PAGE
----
Fiddleheads should never be consumed raw.  Preparation is super easy - Carefully remove brown scales then wash well under cold running water to remove dirt before cooking. Trim woody stems from the ends. In order to highlight their unique flavour, fiddleheads are arguably best prepared by boiling for 10 minutes, or steaming for about 20 minutes, then tossing with melted butter, a squeeze of fresh lemon juice and a pinch of salt. Because fiddleheads are grown in the wild, they are at risk of carrying contaminants that may cause illness. So, however you cook them, please always remember to boil them first.

Serve at once as a side with something yummy, like my fave pork chops with apples and onions and roasted sweet potatoes. (Find the pork chop recipe here. FYI, it only costs around $5 for 2 servings.)



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Ladies Drink Beer

My relationship with beer was not love at first sight. In college, even dollar beer nights couldn't entice me. When we moved to Alaska, my whole world changed. But instead of Molson and Coors, it was the IPAs that wooed me. Craft beer and I struck up a beautiful friendship. And turns out, I'm not the only woman who's fallen...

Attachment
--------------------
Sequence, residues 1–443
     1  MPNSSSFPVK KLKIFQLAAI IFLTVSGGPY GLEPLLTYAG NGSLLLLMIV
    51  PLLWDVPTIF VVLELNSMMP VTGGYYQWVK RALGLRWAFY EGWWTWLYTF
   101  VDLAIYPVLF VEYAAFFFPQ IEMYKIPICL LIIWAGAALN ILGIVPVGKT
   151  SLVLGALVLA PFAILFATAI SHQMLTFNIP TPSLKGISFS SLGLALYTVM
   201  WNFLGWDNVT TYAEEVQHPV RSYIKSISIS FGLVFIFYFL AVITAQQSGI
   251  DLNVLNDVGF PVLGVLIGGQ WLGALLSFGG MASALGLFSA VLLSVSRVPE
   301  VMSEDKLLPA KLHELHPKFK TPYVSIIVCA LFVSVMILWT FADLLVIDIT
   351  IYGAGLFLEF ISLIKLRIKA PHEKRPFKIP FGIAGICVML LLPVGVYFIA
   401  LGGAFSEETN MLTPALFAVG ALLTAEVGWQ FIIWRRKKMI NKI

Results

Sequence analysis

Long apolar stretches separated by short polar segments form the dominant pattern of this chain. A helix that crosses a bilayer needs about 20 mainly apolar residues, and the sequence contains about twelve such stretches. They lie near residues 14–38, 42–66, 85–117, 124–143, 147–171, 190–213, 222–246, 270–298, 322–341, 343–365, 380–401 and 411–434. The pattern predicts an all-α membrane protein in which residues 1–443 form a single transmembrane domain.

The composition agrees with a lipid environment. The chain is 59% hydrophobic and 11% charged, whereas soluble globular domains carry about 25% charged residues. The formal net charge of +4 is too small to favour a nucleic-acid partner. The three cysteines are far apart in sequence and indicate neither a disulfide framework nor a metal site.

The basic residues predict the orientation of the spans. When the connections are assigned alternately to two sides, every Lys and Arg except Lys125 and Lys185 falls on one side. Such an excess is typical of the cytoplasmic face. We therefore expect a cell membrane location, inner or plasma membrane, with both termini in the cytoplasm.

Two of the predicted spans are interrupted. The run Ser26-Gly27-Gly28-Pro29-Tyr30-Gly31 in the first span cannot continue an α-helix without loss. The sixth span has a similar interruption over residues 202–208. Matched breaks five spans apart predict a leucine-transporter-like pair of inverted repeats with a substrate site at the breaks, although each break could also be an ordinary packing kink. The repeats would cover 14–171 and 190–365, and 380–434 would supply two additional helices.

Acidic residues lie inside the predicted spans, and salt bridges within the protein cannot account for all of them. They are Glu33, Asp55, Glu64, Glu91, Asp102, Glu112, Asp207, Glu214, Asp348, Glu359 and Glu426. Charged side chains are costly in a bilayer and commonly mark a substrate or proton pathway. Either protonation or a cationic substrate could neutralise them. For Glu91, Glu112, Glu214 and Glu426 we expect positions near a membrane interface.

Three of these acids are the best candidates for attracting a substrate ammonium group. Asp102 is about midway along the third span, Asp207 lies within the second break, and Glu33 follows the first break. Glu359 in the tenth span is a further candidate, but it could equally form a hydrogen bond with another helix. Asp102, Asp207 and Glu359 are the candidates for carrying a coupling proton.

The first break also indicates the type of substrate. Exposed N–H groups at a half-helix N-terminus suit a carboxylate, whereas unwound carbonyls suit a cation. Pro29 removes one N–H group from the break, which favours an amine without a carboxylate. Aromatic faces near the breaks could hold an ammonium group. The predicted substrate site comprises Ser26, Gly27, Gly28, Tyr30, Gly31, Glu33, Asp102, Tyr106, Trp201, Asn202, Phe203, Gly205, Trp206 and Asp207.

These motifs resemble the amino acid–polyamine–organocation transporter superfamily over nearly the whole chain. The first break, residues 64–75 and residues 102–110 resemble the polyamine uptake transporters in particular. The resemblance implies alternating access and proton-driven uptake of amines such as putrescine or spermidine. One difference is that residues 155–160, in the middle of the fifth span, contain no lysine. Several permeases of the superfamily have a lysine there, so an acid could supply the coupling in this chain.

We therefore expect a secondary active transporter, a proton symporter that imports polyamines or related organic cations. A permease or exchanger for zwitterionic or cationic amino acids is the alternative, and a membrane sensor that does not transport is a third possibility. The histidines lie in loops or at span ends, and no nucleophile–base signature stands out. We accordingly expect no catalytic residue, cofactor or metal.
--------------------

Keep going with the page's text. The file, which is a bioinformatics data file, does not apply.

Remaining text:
I first learned about the Society of Beer Drinking Ladies (SBDL) while cruising BlogTO one day over lunch. BlogTO is a fantastic resource for all things to do, see and eat in Toronto. I came across an article about the top spring beer events in the city, and was intrigued by the blurb about SBDL. I immediately started stalking following this group of 5 women on social media, and learned their passion for craft beer has inspired monthly women's only beer drinking events. Lucky for me, I was just in time to buy tickets for their May event, Bevy0005.